HUDSON — Maria Cogley has been shopping at the Sweetbay Supermarket at State Road 52 and Little Road for years.
"Since it was a Kash n' Karry," said the 37-year-old mother of two. "I was stunned when I found out they were closing."
Cogley was among the customers who reacted with disappointment upon learning that their favorite grocery store was among the 33 in Florida that would be closed in about three weeks. The company announced closings late Wednesday at two other west Pasco locations and one in Zephyrhills as part of an effort to shed "under-performing stores" and streamline operations. The closings are estimated to cost the county between 200 and 240 jobs.
Company spokeswoman Nicole LeBeau said employees at the affected stores would be encouraged to apply for any open positions at remaining locations. Severance also will be offered to eligible full- and part-time employees.
Ken Russ, vice president of the Pasco Hernando Workforce Board, said his staff has already started to reach out to the stores to offer job placement services to laid-off employees.
"We have a lot of labor market information for these people," Russ said.
That didn't console Mike Romeo. "I won't shop there again," said Romeo, 65, a retired construction superintendent. "I think it's lousy the way they did the people there. The food can rot for all I care."
Romeo, who said he has friends who work at the Hudson location, said store officials telephoned them Wednesday night and told them to arrive early Thursday. They were then told of the closing, which is expected to take place by mid-Febrary.
"They could have given them at least a couple of months' warning," said Romeo, who plans to transfer his prescriptions to nearby CVS. He said the employees, who were quick to offer helpful hints and suggest better medicines, "are just good people."
Hurschel Nolen, 65, said the closing will be especially tough on his 94-year-old mother, who was able to drive herself to the store because it was nearby and didn't require her to change lanes.
"I'll probably have to take her shopping now," he said.
A Publix and a Sav-A-Lot are close by, but Nolen said Sweetbay had the best groceries, especially its Black Angus beef.
"We're really going to miss it," he said.
Customers weren't the only ones cringing at the news. Business leaders also were unhappy.
"I hate to see anything like that happen at a time we're seeing the beginnings of a turnaround," said Chip Wichmanowski, director of the West Pasco Chamber of Commerce. He noted the irony that the announcement comes "right on the doorstep" of the chamber's annual Business Development Week. "It's a tough business for the grocery industry."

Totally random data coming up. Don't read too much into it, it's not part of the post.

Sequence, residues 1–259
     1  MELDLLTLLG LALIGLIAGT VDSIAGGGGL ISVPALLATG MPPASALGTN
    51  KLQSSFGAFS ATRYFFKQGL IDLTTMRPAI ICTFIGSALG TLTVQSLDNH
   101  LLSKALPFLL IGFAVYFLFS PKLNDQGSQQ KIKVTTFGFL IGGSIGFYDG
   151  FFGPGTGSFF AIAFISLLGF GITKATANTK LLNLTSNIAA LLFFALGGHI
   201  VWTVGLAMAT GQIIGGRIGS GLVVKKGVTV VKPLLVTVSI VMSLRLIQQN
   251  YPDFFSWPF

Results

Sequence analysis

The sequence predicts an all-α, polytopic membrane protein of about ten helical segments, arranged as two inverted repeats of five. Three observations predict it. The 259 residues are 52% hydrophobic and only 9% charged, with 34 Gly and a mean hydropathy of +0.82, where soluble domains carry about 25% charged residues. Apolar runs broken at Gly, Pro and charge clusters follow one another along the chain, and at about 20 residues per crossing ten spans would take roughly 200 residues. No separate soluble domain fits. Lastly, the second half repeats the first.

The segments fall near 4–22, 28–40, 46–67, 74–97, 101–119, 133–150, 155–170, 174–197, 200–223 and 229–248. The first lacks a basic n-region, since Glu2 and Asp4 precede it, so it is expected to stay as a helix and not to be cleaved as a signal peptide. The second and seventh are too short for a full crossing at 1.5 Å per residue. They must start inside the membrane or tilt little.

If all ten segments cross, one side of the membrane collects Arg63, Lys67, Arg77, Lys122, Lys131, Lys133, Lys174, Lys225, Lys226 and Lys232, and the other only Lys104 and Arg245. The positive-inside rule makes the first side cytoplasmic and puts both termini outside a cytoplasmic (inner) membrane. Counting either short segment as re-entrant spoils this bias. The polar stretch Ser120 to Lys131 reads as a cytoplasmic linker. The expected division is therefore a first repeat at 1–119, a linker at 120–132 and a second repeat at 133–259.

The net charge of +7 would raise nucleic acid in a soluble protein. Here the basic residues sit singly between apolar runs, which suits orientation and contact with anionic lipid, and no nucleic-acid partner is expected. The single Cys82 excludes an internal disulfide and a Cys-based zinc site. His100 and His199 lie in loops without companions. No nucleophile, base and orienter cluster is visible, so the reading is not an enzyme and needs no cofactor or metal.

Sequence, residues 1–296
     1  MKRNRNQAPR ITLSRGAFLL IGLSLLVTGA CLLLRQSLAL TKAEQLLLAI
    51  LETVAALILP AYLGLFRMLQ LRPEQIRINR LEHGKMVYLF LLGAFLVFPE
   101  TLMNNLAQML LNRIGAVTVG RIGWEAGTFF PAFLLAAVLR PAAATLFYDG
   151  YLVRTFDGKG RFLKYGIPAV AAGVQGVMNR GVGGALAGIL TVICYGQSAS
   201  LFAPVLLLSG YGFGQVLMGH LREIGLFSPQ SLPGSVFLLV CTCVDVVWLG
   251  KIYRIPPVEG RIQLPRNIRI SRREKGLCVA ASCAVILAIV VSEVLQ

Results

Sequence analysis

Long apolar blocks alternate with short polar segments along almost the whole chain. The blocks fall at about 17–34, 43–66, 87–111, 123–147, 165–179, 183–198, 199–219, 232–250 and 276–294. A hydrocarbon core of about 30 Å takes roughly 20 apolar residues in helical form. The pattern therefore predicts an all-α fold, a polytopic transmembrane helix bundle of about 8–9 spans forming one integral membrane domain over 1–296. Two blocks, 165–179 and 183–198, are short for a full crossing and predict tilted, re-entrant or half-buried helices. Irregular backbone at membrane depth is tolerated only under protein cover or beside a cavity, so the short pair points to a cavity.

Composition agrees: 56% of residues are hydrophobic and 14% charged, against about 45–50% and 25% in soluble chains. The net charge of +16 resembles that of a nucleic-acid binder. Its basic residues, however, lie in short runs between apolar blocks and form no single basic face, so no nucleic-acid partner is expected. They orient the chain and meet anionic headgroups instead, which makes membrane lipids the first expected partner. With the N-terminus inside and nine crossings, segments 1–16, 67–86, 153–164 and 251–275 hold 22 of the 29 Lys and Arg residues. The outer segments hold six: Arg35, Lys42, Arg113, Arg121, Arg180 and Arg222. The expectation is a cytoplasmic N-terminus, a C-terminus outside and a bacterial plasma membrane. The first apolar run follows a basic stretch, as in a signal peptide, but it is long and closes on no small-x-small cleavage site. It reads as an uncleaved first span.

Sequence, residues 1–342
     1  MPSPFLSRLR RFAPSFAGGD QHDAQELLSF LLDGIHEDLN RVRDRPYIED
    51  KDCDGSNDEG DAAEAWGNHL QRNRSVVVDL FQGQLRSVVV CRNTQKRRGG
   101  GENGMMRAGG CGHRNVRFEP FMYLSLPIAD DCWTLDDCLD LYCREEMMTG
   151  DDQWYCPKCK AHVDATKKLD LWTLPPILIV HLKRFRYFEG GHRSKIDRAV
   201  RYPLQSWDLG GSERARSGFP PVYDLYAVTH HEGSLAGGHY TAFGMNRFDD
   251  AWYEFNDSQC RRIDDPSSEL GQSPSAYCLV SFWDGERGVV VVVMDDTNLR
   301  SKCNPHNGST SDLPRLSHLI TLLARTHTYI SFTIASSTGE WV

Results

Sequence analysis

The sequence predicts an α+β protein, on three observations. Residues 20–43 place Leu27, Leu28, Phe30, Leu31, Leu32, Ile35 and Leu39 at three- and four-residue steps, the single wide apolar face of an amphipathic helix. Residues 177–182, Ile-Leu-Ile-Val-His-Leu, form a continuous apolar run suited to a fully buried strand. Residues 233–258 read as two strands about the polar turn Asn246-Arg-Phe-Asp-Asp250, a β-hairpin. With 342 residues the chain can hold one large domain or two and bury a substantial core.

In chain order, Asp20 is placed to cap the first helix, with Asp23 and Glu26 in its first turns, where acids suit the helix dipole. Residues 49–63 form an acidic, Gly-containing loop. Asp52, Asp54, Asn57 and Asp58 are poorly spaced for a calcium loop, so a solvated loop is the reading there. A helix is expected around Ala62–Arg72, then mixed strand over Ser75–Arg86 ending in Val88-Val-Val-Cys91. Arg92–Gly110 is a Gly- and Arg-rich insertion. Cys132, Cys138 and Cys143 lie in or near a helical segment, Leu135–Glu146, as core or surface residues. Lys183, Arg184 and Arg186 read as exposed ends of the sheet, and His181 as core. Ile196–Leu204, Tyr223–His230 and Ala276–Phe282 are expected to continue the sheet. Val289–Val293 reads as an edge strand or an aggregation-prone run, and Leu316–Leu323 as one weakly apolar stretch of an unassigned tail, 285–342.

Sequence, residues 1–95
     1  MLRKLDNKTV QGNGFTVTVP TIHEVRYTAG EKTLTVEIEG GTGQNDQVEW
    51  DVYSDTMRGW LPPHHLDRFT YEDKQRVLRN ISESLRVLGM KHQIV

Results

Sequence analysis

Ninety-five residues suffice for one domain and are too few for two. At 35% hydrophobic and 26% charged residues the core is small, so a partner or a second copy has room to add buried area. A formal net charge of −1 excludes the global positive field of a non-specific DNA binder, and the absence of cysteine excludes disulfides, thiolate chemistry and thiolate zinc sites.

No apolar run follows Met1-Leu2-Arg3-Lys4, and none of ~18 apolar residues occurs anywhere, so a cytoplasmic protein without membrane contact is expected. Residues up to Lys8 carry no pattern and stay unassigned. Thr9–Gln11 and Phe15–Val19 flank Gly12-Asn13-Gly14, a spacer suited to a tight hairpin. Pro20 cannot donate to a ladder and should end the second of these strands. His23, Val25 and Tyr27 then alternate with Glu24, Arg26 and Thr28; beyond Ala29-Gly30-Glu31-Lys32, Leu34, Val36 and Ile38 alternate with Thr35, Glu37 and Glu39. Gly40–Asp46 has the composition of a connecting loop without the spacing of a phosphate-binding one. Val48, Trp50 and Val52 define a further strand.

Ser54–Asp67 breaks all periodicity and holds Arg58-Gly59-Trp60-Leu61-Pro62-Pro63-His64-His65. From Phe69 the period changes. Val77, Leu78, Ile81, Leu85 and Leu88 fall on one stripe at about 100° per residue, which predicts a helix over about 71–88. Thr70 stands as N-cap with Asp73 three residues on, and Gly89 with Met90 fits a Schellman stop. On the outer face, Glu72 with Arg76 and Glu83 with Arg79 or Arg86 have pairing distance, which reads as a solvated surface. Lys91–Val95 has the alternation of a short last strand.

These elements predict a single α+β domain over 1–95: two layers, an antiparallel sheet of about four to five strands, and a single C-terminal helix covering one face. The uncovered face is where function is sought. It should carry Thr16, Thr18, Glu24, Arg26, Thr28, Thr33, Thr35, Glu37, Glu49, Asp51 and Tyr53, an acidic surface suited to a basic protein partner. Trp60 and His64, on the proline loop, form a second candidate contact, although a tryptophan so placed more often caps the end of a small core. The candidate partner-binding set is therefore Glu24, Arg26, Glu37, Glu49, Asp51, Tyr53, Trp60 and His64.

In addition to the human toll, the closings will leave four buildings vacant. The Pasco locations that will close are at:
• 8833 Mitchell Blvd., New Port Richey
• 7431 State Road 54, New Port Richey
• 9017 State Road 52, Hudson
• 7325 Gall Blvd., Zephyrhills
LeBeau said the company leases the locations.
"I don't know if people will be looking to move right into those, but it's something all of us in economic development need to look at," Wichmanowski said.
John Walsh, vice president of the Pasco County Economic Development Council, agreed that efforts need to be made to fill the space.
"It's not good when we bring prospects in and they see closed storefronts," he said.
The good news is that plenty of old supermarkets have become sites for successful businesses.
The Sweetbay on State Road 54 in Land O'Lakes, which closed several years ago when the store moved to a new site, is now about to reopen at a Ross discount clothing store. A old Walmart in the same strip center became a YouFit gym and a Beall's Outlet.
A former Winn-Dixie at Little and Ridge roads is now a Hobby Lobby. In New Tampa, LifePoint Church turned a closed Winn-Dixie into a huge sanctuary.
"You could roll those over into another type of use when the economy turns around and the population begins to concentrate in certain areas again," Walsh said. "There are opportunities. Different industries may be able to go in and find a facility of that size and renovate it. Usually there's a lot of parking."
Times photographer Douglas R. Clifford contributed to this report.